I don’t know about you, but six weeks ago, I hadn’t even heard of the word furlough. If I had been asked to make a guess, I’d have probably said it was something farmers did to fields!

Now it is such a part of the mainstream business language I don’t even feel the need to explain it. 

Checking in with my clients this week, I have found that most employees find themselves in one of three positions:

  • Furloughed and not involved in the business.
  • Working in the business (either from home or at premises) but not particularly busy.
  • Frantically busy trying to manage the logistics and people challenges being presented by the situation.

I’m genuinely worried for employees who have been furloughed, and I am even more concerned about the consequences for any company when they return to work.

From one perspective, furloughing seems like a dream come true.

Employees get to stay at home, they get paid, and life is sweet, right? I’m not so sure. Furloughing is accompanied by uncertainty. Being cut off from your daily routine, the flow of information (including the gossip), and your work colleagues can be a disorientating thing.

In addition, people furloughed will be creating all kinds of stories about what’s happening and what the future holds for them. This is why at the very least, it is crucial to relay regular information to them, so they feel like they know what is going on. 

Listen to this interview from a recent short news piece and notice the anxiety and uncertainty present in the body language and words of the individuals.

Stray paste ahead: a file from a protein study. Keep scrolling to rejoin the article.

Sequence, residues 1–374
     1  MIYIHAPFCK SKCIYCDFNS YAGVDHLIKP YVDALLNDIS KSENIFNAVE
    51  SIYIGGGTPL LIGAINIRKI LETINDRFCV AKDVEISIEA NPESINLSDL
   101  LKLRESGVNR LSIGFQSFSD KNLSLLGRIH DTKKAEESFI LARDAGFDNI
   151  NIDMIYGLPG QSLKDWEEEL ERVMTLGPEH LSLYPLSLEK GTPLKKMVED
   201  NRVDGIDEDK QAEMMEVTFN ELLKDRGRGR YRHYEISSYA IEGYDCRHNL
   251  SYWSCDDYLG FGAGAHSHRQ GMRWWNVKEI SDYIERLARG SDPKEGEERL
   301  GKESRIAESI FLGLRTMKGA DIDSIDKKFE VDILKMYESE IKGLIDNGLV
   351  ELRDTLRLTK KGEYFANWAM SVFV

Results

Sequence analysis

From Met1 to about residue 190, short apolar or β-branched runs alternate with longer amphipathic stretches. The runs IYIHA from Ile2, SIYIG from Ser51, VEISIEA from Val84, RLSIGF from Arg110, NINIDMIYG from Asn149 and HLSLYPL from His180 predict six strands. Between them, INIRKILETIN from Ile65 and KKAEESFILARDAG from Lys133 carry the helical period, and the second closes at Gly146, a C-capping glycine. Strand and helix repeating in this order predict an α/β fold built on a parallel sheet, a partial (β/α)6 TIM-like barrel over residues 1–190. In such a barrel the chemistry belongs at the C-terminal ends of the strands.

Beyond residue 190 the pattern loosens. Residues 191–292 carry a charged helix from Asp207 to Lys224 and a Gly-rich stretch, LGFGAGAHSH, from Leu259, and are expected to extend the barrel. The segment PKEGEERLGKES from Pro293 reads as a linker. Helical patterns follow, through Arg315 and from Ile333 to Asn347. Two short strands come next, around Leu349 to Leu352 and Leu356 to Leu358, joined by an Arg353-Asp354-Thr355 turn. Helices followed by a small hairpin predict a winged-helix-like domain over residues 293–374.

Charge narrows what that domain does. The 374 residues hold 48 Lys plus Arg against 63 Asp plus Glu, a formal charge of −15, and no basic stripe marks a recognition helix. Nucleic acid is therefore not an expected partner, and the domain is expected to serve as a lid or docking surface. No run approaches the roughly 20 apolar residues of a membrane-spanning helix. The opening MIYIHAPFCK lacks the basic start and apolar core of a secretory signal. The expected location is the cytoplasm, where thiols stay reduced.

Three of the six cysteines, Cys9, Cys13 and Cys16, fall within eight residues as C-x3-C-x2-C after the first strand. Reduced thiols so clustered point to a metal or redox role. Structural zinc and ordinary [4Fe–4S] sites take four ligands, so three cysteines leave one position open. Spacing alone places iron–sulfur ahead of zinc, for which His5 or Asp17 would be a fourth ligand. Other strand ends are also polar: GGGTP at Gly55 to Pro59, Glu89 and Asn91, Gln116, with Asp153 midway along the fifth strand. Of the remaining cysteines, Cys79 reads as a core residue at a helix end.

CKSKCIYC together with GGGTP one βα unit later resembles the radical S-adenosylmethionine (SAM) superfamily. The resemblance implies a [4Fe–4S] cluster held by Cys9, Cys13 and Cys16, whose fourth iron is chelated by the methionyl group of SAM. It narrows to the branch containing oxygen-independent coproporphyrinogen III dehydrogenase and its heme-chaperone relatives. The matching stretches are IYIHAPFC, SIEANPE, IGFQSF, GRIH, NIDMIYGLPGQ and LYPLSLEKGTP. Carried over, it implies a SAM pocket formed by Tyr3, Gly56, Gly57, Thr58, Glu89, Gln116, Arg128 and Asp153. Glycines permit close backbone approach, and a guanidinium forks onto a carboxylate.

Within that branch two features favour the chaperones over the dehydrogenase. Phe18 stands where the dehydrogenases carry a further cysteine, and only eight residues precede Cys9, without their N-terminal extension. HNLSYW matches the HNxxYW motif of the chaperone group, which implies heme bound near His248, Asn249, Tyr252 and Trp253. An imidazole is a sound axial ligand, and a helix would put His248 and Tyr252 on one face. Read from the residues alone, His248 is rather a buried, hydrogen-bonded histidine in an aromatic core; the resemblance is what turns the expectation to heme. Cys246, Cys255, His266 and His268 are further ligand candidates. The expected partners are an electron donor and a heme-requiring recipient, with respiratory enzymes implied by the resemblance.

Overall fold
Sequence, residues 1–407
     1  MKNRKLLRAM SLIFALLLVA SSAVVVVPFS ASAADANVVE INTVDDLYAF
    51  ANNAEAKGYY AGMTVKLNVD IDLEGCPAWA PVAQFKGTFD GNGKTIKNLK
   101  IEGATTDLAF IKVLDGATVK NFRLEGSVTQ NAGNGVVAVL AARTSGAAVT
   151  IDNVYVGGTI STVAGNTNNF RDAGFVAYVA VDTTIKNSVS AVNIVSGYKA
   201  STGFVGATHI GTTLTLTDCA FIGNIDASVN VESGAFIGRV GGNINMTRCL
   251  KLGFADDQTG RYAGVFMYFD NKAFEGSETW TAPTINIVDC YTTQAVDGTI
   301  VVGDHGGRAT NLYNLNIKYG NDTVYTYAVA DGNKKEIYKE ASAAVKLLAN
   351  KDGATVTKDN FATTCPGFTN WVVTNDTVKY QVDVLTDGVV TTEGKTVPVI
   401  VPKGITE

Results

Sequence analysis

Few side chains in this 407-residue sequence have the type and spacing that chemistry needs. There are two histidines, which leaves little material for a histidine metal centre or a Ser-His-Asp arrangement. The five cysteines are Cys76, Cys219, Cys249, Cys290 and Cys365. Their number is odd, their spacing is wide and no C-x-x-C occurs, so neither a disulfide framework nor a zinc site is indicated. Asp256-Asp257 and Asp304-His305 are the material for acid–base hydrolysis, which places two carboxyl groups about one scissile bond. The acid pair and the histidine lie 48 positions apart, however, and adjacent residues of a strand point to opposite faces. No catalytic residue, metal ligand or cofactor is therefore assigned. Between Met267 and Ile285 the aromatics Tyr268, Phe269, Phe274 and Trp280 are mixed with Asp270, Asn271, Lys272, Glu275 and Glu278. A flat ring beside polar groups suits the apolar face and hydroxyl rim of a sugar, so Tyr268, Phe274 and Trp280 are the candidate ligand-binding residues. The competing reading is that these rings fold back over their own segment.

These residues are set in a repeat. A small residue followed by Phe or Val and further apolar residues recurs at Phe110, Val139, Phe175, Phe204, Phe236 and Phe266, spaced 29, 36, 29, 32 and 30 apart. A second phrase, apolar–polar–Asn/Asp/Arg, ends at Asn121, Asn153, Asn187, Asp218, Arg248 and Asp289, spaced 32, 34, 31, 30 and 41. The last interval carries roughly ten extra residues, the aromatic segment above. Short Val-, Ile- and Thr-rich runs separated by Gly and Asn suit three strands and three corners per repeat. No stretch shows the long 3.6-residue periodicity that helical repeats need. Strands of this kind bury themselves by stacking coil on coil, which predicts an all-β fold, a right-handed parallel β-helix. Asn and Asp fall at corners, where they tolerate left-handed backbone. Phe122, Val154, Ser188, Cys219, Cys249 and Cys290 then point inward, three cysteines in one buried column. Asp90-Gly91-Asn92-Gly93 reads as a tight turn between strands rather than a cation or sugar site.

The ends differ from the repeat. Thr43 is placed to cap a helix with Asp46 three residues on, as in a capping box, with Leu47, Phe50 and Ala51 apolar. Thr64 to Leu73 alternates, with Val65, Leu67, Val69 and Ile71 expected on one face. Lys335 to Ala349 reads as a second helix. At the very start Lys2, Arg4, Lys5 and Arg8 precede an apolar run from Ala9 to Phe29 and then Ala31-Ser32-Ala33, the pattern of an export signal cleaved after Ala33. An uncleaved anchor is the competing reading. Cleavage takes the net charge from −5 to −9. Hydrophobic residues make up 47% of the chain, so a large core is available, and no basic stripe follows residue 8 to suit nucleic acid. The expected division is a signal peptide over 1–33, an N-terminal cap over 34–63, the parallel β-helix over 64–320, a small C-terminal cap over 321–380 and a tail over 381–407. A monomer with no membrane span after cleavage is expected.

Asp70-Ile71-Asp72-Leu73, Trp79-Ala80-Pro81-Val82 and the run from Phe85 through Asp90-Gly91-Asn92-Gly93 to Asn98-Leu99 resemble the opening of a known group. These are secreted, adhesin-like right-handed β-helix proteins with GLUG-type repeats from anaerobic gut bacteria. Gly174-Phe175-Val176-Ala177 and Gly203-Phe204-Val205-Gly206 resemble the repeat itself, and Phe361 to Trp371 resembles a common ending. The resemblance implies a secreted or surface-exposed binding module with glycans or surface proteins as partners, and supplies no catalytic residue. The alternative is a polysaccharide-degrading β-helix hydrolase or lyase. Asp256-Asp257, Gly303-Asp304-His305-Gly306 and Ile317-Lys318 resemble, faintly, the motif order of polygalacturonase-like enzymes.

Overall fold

The challenge I am concerned about more than any other is getting employees back into their routines when this is all over. 

High performers may lose their mojo; average performers will slip backwards, and let’s not even start on low performers.

Of course, the one time you will really need your Sales, Service and Operations people ‘on it’ will be when lock-down eases, and your markets start to hum with life again. 

Outbound engagement levels, quality of decision-making and accurate execution will be paramount.

Average is NOT going to cut in when the starting gun goes off. 

For those that get back ‘on the bus,’ there can be nothing less than exceptional performance, both in terms of activity levels and quality of work done. However, there is the possibility to use this furlough / low activity to up-skill and elevate the personal performance of everyone in the team. The one thing people can continue to do while on furlough is training and development.